SHOdded likes this.
  6. krewat

    krewat SHO Member

    Joined:
    Dec 20, 2012
    Messages:
    644
    Likes Received:
    568
    Occupation:
    System Administrator
    Location:
    Long Island
    Home Page:
    In my way of thinking, if you have a rod knock, it's already too late.

    What other substances are in the analysis that would correspond to a rod bearing being wasted? Scoring the crank is one thing, but if it's scored, well, the bearing would be toast as well and would show up in the analysis I would think.

    The real question is if the rod journal is even across the face anymore. A score, meh, but if the journal is worn at all, it's not worth it.
     
    SHOdded likes this.
  7. sperold

    sperold Last to Know

    Joined:
    Aug 25, 2008
    Messages:
    3,309
    Likes Received:
    1,041
    Gender:
    Male
    Occupation:
    Mech. Tech.
    Location:
    Ontario Canada
    When is your "knock" the loudest, at startup or when hot?

    Any smoke or other noises?

    You could try individually removing plug wires while idling to see if the phantom noise stops when a certain cylinder is no longer firing. That would tend to strengthen the case for a bad rod bearing.

    If you can do the labor yourself, pull the pan, manually polish the crank and install new rod bearings only.

    It could be a wrist pin / piston issue, so the crank remedy is an educated guess, but still a gamble.

    If that is not possible, pay to swap in a complete replacement engine (used) with some good credentials.
     
    SHOdded and krewat like this.
  8. ShoMe1More

    ShoMe1More New Member

    Joined:
    Mar 25, 2012
    Messages:
    22
    Likes Received:
    1
    Location:
    NY
    I was getting misfires intermittently since day 1 purchasing the vehicle. The trouble codes were showing a cylinder overboost issue if I can recall correctly. Recently had all the plugs swapped (one was toast) and one coil pack was aftermarket, so switched that to motorcraft. Haven't had a misfire since.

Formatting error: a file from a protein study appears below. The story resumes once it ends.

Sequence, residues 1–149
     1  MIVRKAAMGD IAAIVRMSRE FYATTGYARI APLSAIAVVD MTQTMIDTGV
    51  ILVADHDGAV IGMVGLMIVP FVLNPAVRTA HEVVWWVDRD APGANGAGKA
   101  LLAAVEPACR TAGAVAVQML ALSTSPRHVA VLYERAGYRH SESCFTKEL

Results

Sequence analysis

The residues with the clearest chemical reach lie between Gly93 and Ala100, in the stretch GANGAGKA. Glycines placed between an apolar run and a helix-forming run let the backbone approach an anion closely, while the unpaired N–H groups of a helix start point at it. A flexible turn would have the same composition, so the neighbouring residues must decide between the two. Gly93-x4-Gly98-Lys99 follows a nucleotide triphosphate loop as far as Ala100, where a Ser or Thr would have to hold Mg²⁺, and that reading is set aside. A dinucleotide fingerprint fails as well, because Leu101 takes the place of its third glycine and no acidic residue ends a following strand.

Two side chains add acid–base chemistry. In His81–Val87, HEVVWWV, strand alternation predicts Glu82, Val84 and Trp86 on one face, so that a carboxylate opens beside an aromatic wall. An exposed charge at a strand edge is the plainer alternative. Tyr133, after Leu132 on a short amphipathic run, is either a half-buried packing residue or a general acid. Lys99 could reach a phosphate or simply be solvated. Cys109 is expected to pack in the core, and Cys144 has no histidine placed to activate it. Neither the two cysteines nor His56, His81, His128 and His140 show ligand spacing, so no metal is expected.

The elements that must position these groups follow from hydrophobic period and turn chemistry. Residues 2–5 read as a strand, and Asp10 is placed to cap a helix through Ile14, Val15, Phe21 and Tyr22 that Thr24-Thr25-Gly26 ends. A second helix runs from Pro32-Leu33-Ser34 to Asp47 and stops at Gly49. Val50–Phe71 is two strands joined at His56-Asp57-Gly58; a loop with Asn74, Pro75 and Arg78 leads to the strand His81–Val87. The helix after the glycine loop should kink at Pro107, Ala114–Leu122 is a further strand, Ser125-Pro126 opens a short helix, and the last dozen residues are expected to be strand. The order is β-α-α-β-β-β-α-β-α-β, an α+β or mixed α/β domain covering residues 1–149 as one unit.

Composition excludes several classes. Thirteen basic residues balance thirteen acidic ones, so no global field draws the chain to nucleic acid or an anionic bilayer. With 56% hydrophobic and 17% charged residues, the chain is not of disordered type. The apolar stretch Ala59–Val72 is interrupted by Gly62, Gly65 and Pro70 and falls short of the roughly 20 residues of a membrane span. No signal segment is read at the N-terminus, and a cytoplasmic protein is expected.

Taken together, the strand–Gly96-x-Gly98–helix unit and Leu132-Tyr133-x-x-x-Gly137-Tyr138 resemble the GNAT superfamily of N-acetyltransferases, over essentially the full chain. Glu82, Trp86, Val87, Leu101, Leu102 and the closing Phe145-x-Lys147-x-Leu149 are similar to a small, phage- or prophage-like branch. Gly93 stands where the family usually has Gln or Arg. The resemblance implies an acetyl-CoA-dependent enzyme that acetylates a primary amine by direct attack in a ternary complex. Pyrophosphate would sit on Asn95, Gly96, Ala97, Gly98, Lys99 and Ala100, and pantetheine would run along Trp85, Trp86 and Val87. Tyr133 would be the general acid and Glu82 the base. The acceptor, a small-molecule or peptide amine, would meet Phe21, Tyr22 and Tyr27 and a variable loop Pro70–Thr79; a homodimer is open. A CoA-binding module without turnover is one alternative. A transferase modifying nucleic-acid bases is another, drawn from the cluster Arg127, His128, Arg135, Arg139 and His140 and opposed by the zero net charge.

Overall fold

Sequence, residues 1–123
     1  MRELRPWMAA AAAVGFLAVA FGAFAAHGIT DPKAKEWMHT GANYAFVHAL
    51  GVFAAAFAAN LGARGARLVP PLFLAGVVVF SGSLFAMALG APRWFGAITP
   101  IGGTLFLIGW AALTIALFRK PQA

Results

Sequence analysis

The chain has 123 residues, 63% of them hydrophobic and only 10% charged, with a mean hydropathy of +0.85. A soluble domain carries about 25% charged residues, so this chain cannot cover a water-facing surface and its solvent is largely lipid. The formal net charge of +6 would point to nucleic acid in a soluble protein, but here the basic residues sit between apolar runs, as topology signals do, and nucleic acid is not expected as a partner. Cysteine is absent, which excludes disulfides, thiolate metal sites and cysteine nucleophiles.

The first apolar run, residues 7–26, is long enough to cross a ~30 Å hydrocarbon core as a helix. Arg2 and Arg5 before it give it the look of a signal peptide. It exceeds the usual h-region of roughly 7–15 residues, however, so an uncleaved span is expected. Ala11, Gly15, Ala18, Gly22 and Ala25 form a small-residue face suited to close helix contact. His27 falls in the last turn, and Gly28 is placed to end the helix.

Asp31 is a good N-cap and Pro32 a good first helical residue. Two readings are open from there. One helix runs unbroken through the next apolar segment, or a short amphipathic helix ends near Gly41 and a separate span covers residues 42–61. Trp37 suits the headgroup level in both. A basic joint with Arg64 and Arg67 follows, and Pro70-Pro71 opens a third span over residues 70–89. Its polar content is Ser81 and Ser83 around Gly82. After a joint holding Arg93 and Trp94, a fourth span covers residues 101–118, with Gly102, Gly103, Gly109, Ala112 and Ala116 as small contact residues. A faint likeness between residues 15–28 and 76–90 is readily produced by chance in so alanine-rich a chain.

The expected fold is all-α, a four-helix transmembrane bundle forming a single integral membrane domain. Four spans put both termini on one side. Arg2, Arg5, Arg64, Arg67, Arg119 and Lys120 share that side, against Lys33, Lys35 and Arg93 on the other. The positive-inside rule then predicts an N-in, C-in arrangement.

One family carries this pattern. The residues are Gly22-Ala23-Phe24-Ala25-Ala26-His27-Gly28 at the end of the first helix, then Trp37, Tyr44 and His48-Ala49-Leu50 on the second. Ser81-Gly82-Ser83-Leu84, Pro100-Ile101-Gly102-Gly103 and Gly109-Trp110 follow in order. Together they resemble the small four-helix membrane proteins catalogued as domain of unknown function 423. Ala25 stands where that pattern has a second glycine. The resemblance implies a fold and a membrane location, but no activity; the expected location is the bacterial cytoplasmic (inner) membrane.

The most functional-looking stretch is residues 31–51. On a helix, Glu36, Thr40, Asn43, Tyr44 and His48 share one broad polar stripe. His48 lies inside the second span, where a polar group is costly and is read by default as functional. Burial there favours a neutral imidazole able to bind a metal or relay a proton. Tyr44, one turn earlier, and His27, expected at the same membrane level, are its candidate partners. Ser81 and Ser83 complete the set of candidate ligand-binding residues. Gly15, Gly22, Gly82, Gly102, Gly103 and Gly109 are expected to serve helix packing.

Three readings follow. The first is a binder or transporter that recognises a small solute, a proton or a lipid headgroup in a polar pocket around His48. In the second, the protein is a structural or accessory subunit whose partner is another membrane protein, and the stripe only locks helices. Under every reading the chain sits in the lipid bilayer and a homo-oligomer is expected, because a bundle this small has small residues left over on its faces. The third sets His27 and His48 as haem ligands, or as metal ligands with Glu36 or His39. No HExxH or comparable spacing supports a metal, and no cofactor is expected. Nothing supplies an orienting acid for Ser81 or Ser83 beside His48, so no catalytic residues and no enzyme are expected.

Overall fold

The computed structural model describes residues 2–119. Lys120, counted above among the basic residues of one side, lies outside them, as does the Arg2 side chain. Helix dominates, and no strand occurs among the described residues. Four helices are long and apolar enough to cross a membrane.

It knocks cold and warm. Louder at warm.

    It is an interesting point a few of you guys have made regarding the engine typically not tolerating a rod issue for over a year. This February will be 2 years since the noise first showed up under a heavy load. The noise also only begins after 2.5k-3k rpms and greater.
     
  9. ShoMe1More

    ShoMe1More New Member

    Joined:
    Mar 25, 2012
    Messages:
    22
    Likes Received:
    1
    Location:
    NY
    To answer how it was determined to be a rod knock. Mechanic used stethoscope and showed me how loud the noise was at the oil pan vs the top of the engine. Is this not the only thing that could be making that noise at the oil pan and increases speed/loudness along with rpm?
     
  10. luigisho

    luigisho SHO Member

    Joined:
    Nov 2, 2001
    Messages:
    8,014
    Likes Received:
    1,150
    Location:
    va beach,va
    Home Page:
    A scope is a good way to track that down
     
    SHOdded likes this.

Share This Page

If you wish to help keep SHOforum running, please click the donation button below